Computer vision tools may aid in cataract surgery and help make procedures safer.
Computer vision tools may aid in cataract surgery and help make procedures safer. Click image to enlarge.

Some say artificial intelligence (AI) is the wave of the future in many professions, medicine included. Over the years it’s been implemented in several ways in different areas all over the world, and most recently, it’s been tested in ophthalmology—specifically cataract surgery. In a new cross-sectional study published in JAMA Ophthalmology, researchers posed the question: can real-time surgical guidance for cataract surgery be achieved using a deep learning detection network combined with computer vision tools? The short answer: yes, it can. Computer vision is a newer approach to AI that allows an automated processing system to “see” the visual world and react accordingly.

A region-based convolutional neural network was able to track the pupil and identify the current surgical phase being performed with a mean area under the curve greater than 95%, triggering surgical guidance tools developed with computer vision.

“These results suggest that an AI-based surgical guidance platform has the potential to enhance the surgeon experience in phacoemulsification cataract surgery,” the authors concluded.

Below are some of the key findings:

  • The system was able to perform precise pupil tracking and segmentation as well as surgical phase identification in real time during phacoemulsification cataract procedures.

  • Computer vision tools were able to take advantage of the information retrieved by neural networks with the potential to provide surgical guidance to try to improve ’rhexis symmetry, provide feedback for harmful turbulence and instrument movements and improve tissue visualization.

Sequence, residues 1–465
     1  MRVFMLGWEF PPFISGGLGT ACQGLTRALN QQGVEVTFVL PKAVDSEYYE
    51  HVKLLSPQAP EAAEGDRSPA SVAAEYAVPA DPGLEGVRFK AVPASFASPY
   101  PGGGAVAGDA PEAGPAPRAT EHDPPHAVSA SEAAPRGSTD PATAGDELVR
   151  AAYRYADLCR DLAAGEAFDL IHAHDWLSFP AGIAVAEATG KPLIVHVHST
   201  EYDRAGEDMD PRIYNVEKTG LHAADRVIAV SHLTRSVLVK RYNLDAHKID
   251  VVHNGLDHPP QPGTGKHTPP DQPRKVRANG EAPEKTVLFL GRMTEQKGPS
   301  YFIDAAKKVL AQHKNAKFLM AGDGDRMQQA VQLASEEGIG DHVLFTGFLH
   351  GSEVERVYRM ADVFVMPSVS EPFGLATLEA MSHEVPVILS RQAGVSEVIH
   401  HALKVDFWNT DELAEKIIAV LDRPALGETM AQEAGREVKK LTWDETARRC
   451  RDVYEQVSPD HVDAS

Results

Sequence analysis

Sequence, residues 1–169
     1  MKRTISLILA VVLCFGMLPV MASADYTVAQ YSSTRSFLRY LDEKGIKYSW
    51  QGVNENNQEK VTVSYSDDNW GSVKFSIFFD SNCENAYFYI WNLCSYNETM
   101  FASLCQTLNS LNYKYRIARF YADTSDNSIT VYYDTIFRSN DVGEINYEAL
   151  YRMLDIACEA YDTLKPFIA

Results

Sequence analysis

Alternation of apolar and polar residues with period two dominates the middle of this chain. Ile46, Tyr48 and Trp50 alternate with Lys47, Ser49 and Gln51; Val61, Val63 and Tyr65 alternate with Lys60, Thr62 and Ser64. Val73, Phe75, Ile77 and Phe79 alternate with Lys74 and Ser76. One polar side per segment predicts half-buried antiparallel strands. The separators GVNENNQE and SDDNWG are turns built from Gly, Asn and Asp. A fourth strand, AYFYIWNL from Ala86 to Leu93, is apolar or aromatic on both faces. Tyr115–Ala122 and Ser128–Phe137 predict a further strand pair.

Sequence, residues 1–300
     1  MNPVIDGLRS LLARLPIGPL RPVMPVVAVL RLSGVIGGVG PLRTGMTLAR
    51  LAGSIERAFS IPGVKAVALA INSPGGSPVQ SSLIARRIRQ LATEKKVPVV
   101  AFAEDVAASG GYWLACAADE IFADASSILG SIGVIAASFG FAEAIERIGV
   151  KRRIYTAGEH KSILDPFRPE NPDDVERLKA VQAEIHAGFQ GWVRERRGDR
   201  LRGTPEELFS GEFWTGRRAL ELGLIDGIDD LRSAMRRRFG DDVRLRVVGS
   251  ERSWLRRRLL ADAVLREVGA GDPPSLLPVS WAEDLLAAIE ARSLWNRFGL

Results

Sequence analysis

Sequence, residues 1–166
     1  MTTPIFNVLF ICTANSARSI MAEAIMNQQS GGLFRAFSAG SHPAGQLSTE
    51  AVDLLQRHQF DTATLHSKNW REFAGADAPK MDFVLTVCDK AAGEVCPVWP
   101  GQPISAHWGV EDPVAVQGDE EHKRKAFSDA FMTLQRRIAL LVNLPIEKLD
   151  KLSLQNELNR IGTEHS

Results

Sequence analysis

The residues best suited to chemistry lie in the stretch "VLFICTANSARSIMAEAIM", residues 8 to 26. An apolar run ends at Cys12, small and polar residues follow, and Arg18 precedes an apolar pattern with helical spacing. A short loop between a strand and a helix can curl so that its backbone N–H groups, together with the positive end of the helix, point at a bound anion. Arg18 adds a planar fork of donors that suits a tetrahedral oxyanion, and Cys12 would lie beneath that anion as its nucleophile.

• A surgical guidance platform was able to use video output from existing commercially available surgical systems. This platform combined surgical phase identification and element tracking within the same neural network in real time, also providing a framework for the development of additional guidance tools.

How might this be implemented in the real world? Bobby Saenz, OD, of Parkhurst NuVision, says 3D cataract surgery has been a “game-changer” for his practice and the assistance of AI could take the surgery to the next level.

“If AI is able to be combined with 3D cataract surgery, this is going to be great for the visualization of the surgical procedure not only for surgeons early on in their training, but for optometrists, students and residents as well,” he says.

Because cataract is one of the top reasons for reversible vision loss worldwide, Dr. Saenz says he can see this approach being used to increase the training of surgeons across the globe, “especially in areas that don’t have sufficient training or enough surgeons, which could help us decrease the number of patients worldwide blind from cataracts,” he notes.

In an accompanying editorial, Amy Yuan, MD, and Cecilia S. Lee, MD, MS, say it’s “compelling” to train computers to learn surgery that can bring clinical and educational benefits, especially since errors and complications that occur during surgery can result in “patient morbidity.” But they note that challenges may present themselves down the road.

“Given the routine use of operating microscopes in ophthalmic surgery, vast quantities of surgical videos could be used to train precise deep learning algorithms, although devising a system to share surgical data, particularly labor-intensive, expert-annotated data, is an important challenge that will need to be addressed,” Drs. Yuan and Lee noted.

1. Nespolo Garcia R, Yi D, Cole E, et al. Evaluation of artificial intelligence-based intraoperative guidance tools for phacoemulsification cataract surgery. Jama Ophthalmol. January 13, 2022. [Epub ahead of print.]

2. Yuan A, Lee CS. Real-time augmented reality—the next frontier for ophthalmic surgery. JAMA Ophthalmol. January 13, 2022. [Epub ahead of print.]